Improving GCC's Infrastructure (Control Flow Graph)

This page describes ongoing work to improve GCC's infrastructure for RTL based optimizers. The work is done on a branch in GCC's CVS tree called cfg-branch, which is available to experiment in. As the patches stabilize, they will be submitted for review and acceptance into the mainline development tree. Please contact Jan Hubicka <jh@suse.cz> if you would like to contribute.

Background & Rationale

The purpose of work on the CFG branch is to update GCC's older optimization passes to use the modern infrastructure which was not available when they were written. A second purpose is to continue improving the infrastructure for RTL-based optimizations.

Currently, work concentrates on the control flow graph (CFG) data structure, originally contributed by Richard Henderson. We would like to convert all of the RTL-based optimizer passes to use it and keep it accurate. This will allow us to store more information directly in this structure, instead of using "notes" in the instruction stream which are difficult to keep accurate during optimization.

Goals

In addition to improving the infrastructure and updating the existing RTL-based optimization passes, we are implementing new optimization passes. We plan to implement optimizations that perform code duplication first such as superblock formation and loop peeling. We also plan to reimplement the loop unrolling pass.

Detailed Description

Some ideas that the cfg-branch will implement are known only in the compiler research literature but are new concepts for GCC. We'd like to explain the concepts briefly, give an overview of what we want to achieve in GCC and describe the current status.

Loop Peeling

This work is done by Jan Hubicka.

Theory

Loop Peeling is a form of loop unrolling where the first iterations from a loop are unrolled. It removes i iterations from the beginning of a loop and adds i copies of the loop body directly before the start of the loop.

Implementation in GCC

The loop peeling optimization will be done as part of the superblock formation. The tracer should peel as many iterations as can be predicted. Zdenek has also implemented simple loop peeling as part of the new loop optimizer.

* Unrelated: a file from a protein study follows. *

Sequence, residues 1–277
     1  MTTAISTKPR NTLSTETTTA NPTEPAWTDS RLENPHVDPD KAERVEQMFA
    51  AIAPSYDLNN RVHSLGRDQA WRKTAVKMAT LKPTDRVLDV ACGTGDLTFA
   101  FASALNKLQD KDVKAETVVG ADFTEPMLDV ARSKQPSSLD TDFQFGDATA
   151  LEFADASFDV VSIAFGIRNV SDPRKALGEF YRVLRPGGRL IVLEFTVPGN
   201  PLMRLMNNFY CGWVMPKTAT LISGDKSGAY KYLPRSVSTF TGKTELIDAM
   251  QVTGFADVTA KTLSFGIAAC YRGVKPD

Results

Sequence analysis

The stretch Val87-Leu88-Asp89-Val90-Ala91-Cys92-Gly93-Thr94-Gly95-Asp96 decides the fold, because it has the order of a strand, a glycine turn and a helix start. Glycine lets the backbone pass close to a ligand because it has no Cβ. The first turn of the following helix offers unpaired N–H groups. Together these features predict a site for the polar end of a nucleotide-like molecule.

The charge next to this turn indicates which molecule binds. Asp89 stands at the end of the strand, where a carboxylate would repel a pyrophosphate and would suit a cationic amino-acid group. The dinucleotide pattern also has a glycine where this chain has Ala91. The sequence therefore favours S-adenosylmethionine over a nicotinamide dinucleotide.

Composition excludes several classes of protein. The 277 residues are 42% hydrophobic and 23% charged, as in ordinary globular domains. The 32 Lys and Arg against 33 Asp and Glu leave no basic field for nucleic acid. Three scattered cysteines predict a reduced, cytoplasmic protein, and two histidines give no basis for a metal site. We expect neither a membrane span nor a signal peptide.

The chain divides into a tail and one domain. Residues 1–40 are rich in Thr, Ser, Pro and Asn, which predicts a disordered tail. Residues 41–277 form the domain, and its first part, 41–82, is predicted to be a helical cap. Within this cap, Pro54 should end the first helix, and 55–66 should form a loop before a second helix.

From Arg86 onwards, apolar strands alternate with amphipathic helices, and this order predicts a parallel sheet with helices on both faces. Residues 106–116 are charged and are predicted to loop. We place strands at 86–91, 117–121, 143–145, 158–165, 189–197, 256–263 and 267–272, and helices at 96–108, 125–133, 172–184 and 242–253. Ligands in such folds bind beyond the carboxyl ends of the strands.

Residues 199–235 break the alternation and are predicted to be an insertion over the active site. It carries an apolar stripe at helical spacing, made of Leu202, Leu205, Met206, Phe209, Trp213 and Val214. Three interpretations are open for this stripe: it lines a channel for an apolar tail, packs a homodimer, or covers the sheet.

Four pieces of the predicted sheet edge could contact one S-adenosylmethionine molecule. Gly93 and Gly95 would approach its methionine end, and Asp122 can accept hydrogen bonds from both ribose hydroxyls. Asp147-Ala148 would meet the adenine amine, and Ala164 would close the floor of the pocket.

Status

The code is on the branch.

The tracer peels loops with one predicted iteration. We should try to peel more than one iteration.

Loop optimizer re-implementation

This work is done by Zdenek Dvorak.

Theory

The current loop optimizer uses information passed by frontend to discover loop constructs to simplify flow analysis. It is difficult to keep the information up-to-date and nowday it is easy to implement the loop discovery code on CFG.

Implementation in GCC

We want to use the Michael Hayes' loop discovery code and slowly replace existing features of loop optimizer by new one. So far Zdenek has modified the datastructure to allow easier updating and implemented loop unrolling, peeling and unswitching on the top of it.

Status

The main changes the loop infrastructure has been merged to mainline. Rest is being tunned on the branch.

Software Trace Cache

This work is done by Josef Zlomek.

Theory

Software Trace Cache is a basic block layout algorithm that also does code duplication during the process. While optimal code layout is an NP complete problem, allowing a limited amount of duplication should eliminate the common drawbacks of current algorithms and keep code size under control. The purpose of this pass is to minimize the number of branches and cache misses. It uses code duplication to avoid jumps. A trivial example is copying the return instruction instead of jumping to it. See [6] for a detailed description.

Implementation in GCC

The implementation will only do intraprocedural optimizations since interprocedural optimizations are out of reach of current GCC.

Status

The code is in the branch. The exact benefits needs to be measured but on non-PDO runs it brings 5% to eon benchmark (from CPU2000).

Web Construction Pass

This pass constructs webs as commonly used for register allocation purposes. After that each web gets assigned individual pseudo. This allows our register allocation pass to operate on pseudos directly, but also strengthens several other optimization passes, such as CSE, loop optimizer and trivial dead code remover.

While future SSA passes will have same effect on the low-level RTL generation, we still believe this pass to be useful right before the register allocation pass or after the code duplication passes that need to unshare temporaries, such as tracer or loop unroller.

Implementation in GCC

The implementation of the web pass uses Michael Hayes's dataflow module to construct du-chains and unionfind to produce webs.

Status

The code is on the branch.

This pass improves SPECint2000 performance by roughly 1%. We need to work on updating debug information in this pass.

Register coalescing Pass